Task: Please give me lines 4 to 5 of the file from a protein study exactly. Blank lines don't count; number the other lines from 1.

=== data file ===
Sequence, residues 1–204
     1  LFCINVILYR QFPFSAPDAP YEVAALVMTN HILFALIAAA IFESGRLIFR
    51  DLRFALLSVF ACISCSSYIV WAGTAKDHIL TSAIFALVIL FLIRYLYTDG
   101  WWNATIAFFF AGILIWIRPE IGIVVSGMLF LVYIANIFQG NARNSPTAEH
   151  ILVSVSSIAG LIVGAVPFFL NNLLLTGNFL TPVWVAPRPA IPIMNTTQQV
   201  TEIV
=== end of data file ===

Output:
   101  WWNATIAFFF AGILIWIRPE IGIVVSGMLF LVYIANIFQG NARNSPTAEH
   151  ILVSVSSIAG LIVGAVPFFL NNLLLTGNFL TPVWVAPRPA IPIMNTTQQV